I get asked by parents a lot how to make media choices with and for their kids. What shows should they watch, what music should they listen to. Here are some helpful questions for parents to ask taken from Give them Grace.
Does this media outlet have any redeeming value to it? In other words, is there any way that we can use it to illustrate the one good story? Are the great themes of the gospel apparent (even though it may not be a “Christian” production)?
Are our children unduly influenced by this movie or program? Do they mimic inappropriate words or phrases after spending time interacting with it?
Are our children able to articulate what is lacking in this video or song? Do they see how it is contrary to the gospel? Are they able to tell you where they see the one good story in it?
What is your child’s attitude when he’s denied access to this program? Has it become an idol in his heart, a god that promises him happiness?
Is there any way that you can demonstrate a willingness to compromise with your child over this song? For instance, instead of saying no to an entire album, perhaps you could find a couple of songs on it that would be acceptable.
Are you being ruled by fear of what might happen if your child watches or listens to this program or album? Or, are you able to think clearly about the influence the entertainment may or may not have over your child?
A question that gets thrown around a lot is “how do you build _______ culture into your church?” That could be a gospel culture, evangelism, hospitality, discipleship. Pick the hot button church word and it has been discussed. Or personally, “how do I change ______ in my life and see it stay that way?”
I was reading through Psalm 51 this morning and a verse I’ve read over multiple times jumped out to me. After David gets done confessing his sin, asking for God’s grace and forgiveness, in verse 13 he says, “Then I will teach transgressors your ways, and sinners will return to you.” What will David teach? He will teach them God’s ways. But what ways? The ways of grace, forgiveness, justice, the gospel. The only way David can teach them this though is because David knows it, he has experienced it. Then, and only then, does he teach it.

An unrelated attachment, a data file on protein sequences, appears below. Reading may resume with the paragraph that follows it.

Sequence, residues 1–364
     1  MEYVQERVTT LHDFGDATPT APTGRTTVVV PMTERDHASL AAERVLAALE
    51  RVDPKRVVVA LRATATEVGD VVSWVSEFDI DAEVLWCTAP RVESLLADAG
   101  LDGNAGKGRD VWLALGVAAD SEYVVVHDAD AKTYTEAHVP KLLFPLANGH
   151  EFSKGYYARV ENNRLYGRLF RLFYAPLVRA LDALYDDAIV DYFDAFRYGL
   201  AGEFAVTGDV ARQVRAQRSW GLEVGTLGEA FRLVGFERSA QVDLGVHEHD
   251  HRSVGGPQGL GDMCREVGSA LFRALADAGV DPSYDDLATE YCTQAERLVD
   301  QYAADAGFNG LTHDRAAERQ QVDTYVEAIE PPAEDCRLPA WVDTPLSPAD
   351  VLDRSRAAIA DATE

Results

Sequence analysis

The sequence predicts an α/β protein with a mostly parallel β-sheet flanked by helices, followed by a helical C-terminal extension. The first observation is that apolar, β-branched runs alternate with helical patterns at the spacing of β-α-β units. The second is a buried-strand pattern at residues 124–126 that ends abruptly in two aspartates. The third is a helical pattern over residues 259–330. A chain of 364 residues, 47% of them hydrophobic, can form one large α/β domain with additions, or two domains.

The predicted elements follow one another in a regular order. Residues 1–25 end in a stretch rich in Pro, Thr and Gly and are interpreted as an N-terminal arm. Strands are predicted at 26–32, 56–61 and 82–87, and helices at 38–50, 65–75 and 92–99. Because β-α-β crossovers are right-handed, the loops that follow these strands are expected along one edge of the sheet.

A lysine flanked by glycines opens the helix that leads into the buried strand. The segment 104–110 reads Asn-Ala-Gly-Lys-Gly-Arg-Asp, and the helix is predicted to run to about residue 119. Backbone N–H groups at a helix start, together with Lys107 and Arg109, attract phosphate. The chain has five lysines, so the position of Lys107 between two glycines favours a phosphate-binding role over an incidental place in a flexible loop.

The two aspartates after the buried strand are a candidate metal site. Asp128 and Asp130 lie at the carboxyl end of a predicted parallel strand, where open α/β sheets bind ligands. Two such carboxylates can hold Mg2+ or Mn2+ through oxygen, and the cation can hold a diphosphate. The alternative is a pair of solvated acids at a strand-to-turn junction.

I think many people make a mistake in trying to teach a culture or teach the gospel simply in a head knowledge sort of way. David was teaching the gospel, grace, forgiveness, compassion, justice and mercy from the perspective of I’ve experienced this. It is easier to simply say, “The gospel is _______” without knowing it, without experiencing it in your own life.
When we speak from a place of “I’m walking through this in my own life right now” it creates a humility in how we speak. It brings a compassion to our voice as leaders. I think there is something to the brokenness and humility David was showing and how he could say with confidence, “sinners will return to you.”
I’ve been reading a lot about the inner life of leaders recently. It is great to have the tools of how to cast vision, build teams and lead things, but if your character falls apart, if you aren’t able to handle conflict, criticisms, setbacks, etc. it can destroy your leadership. Recently I’ve been hearing about a number of leaders who have been falling out leadership because of sin, stress, burnout and I want to finish well. Reggie McNeal writes about this better than anyone I’ve seen. You can read my review of one of his other books Practicing Greatness here.
In A Work of Heart, he takes a similar track as Practicing Greatness. In this one though, he looks at Moses, David, Jesus and Paul to see how God shaped their hearts, their inner lives to make them the leaders they are.
According to McNeal, when a leader loses heart, he loses. When a leader does not lose heart, he becomes a champion, not a victim.
He looked at:
Family of origin and where they came from.
The call on their lives, why they are here.
Community, how they connected with others around them.
Communion, how they related to God.
Conflict, how they deal with criticism, those who difficult to lead.
And the commonplaces of their world, the ordinary things we often miss in terms of shaping our lives.
Here are a few things that jumped out:
Leaders are driven by causes and willing to personally risk involvement.
The leader is an instrument in the Lord’s hand to help others have the opportunity to live their lives with greater significance and in relationship with God.
The cauldron of conflict shapes the heart of the leader. Each instance forces a redefinition of the leader’s mission, values, and actions.
Leaders content that their life could not be understood apart from their call. The call provides them with their life direction. It informs their decisions by reorienting their priorities and establishing a new set of core values. The call provides a content that becomes their life message.They would not be who they are without it.
Leaders who give their best efforts to their current assignments from God are prepared for their next level of influence.
Leaders become leaders, in part, because they are willing to wrestle with who they are, who they want to become, how they can overcome some deficit in their own lives.
Leaders who create team figure out how to empower others, literally giving power away.